Anglo-Saxon name Carpentiar comes from when its first bearer worked as a carpenter derived from the Old French word carpentier.
Early Origins of the Carpentiar family
Suffolk where they held a family seat from very ancient times.
Early History of the Carpentiar family
This web page shows only a small excerpt of our Carpentiar research.
Another 243 words (17 lines of text) covering the years 1121, 1649, 1714, 1673 and 1683 are included under the topic Early Carpentiar History in all our PDF Extended History products and printed products wherever possible.
Carpentiar Spelling Variations
Until quite recently, the English language has lacked a definite system of spelling rules. Consequently, Anglo-Saxon surnames are characterized by a multitude of spelling variations. Changes in Anglo-Saxon names were influenced by the evolution of the English language, as it incorporated elements of French, Latin, and other languages. Although Medieval scribes and church officials recorded names as they sounded, so it is common to find one person referred to by several different spellings of his surname, even the most literate people varied the spelling of their own names. Variations of the name Carpentiar include Carpenter, Carpentar, Carpenters, Carpentier and many more.
Early Notables of the Carpentiar family (pre 1700)
Distinguished members of the family include Samuel Carpenter (1649-1714), Deputy Governor of colonial Pennsylvania; born in Horsham, Sussex, he left England in 1673 for the colony of Quakers in...
Another 29 words (2 lines of text) are included under the topic Early Carpentiar Notables in all our PDF Extended History products and printed products wherever possible.
Migration of the Carpentiar family to Ireland
Some of the Carpentiar family moved to Ireland, but this topic is not covered in this excerpt.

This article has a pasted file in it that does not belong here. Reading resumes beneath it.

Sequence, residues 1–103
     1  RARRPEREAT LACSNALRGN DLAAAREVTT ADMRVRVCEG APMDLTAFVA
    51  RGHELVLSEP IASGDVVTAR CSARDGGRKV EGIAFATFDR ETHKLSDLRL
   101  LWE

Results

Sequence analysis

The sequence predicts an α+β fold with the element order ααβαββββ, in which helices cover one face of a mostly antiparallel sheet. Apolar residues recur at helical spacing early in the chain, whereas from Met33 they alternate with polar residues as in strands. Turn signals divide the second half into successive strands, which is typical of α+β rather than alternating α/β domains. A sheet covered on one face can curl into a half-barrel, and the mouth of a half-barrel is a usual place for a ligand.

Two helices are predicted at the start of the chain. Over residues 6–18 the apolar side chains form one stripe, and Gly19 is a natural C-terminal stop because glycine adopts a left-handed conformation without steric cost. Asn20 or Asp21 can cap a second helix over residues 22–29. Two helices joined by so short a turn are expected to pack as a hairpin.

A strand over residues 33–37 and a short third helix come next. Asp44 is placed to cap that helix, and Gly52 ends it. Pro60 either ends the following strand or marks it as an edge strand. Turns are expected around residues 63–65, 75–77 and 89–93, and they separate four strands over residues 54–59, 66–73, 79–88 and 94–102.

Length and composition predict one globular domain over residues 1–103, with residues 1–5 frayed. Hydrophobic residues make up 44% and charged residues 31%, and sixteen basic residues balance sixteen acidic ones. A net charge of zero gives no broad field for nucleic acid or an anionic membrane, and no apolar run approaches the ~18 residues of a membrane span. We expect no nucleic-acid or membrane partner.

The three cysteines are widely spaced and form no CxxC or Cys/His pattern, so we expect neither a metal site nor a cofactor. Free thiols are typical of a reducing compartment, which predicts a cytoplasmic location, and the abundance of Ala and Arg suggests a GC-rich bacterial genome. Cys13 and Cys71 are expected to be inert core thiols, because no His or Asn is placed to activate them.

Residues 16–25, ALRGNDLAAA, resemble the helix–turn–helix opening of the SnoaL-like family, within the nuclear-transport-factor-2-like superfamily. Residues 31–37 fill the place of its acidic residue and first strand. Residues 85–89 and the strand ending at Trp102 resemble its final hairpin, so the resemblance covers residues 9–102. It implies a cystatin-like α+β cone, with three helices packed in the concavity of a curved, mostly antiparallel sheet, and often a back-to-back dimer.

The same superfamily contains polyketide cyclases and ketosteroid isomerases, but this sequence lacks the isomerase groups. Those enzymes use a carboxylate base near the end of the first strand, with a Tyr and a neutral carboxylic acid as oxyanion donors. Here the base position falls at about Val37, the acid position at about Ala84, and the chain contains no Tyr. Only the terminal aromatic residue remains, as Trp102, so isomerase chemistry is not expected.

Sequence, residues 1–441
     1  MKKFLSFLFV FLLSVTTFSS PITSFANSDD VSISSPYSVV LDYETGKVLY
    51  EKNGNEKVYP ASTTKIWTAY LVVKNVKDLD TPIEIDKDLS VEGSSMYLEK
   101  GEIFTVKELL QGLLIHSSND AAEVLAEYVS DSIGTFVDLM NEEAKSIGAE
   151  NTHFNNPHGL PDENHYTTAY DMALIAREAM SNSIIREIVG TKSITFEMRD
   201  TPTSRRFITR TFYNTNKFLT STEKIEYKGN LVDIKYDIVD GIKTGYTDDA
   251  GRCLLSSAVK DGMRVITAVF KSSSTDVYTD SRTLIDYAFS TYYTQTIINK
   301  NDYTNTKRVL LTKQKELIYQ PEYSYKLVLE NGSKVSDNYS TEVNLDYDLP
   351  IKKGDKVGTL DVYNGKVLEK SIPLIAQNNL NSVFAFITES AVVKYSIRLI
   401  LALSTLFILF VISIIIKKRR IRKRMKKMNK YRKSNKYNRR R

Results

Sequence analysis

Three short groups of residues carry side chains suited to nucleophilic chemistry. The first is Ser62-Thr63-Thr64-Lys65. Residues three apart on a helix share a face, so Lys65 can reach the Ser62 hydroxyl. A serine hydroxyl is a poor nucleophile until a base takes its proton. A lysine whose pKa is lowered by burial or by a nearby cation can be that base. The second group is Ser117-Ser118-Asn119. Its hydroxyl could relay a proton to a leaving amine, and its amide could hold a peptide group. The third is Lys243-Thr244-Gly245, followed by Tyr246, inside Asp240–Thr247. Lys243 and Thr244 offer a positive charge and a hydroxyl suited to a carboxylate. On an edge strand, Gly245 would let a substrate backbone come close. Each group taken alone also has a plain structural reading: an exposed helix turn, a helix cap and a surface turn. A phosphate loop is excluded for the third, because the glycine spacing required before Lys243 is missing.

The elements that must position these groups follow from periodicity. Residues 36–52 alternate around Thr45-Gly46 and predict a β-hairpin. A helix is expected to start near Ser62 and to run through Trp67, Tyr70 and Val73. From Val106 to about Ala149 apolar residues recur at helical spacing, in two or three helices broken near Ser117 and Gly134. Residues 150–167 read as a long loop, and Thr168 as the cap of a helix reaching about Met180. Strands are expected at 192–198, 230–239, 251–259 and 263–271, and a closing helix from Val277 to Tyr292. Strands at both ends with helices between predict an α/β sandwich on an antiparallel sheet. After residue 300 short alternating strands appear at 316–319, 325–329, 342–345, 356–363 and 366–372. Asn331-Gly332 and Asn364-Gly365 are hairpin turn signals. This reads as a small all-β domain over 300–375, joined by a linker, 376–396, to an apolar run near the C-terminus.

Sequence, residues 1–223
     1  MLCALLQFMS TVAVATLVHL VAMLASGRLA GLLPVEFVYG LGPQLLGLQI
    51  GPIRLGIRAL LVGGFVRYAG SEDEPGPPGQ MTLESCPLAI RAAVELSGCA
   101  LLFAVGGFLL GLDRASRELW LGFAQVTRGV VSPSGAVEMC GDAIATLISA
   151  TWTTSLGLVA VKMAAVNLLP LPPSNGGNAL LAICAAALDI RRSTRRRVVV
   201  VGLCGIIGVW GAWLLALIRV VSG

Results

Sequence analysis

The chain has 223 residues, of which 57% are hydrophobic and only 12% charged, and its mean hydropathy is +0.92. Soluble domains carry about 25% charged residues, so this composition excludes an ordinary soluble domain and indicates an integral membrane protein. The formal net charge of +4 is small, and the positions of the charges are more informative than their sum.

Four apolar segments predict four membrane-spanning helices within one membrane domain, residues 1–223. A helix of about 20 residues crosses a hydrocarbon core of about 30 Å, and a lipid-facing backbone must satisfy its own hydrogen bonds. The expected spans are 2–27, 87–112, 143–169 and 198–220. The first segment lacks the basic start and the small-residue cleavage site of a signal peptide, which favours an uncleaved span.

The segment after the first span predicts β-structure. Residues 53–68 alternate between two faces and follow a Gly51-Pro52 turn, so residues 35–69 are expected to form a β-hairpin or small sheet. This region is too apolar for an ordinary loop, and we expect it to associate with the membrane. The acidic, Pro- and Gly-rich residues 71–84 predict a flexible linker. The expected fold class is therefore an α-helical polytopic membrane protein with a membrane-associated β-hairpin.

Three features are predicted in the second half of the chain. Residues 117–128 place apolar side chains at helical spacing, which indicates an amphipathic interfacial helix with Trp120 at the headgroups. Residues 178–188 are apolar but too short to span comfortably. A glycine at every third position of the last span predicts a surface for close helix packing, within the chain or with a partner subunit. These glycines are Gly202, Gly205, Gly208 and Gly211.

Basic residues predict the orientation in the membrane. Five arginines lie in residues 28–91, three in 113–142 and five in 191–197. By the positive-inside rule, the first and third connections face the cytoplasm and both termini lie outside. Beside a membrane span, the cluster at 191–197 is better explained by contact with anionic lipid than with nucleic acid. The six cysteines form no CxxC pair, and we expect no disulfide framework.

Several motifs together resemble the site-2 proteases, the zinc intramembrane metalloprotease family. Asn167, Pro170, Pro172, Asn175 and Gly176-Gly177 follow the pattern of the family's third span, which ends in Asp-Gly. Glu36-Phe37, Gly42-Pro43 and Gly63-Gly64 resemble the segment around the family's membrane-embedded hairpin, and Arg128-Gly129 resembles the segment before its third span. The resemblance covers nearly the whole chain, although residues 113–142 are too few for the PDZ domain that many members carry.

Another 35 words (2 lines of text) about their life in Ireland is included in all our PDF Extended History products and printed products wherever possible.
Migration of the Carpentiar family to the New World and Oceana
Searching for a better life, many English families migrated to British colonies. Unfortunately, the majority of them traveled under extremely harsh conditions: overcrowding on the ships caused the majority of the immigrants to arrive diseased, famished, and destitute from the long journey across the ocean. For those families that arrived safely, modest prosperity was attainable, and many went on to make invaluable contributions to the development of the cultures of the new colonies. Research into the origins of individual families in North America revealed records of the immigration of a number of people bearing the name Carpentiar or a variant listed above: Philip Carpenter was a fisherman at Cape Elizabeth, Ambrose Carpenter was a merchant in Hampton, and John Carpenter was living in the town of Saco during the 17th century.
The Carpentiar Motto
The motto was originally a war cry or slogan. Mottoes first began to be shown with arms in the 14th and 15th centuries, but were not in general use until the 17th century. Thus the oldest coats of arms generally do not include a motto. Mottoes seldom form part of the grant of arms: Under most heraldic authorities, a motto is an optional component of the coat of arms, and can be added to or changed at will; many families have chosen not to display a motto.
Motto: Per acuta belli
Motto Translation: Through the asperities of war.
Carpentiar Family Crest Products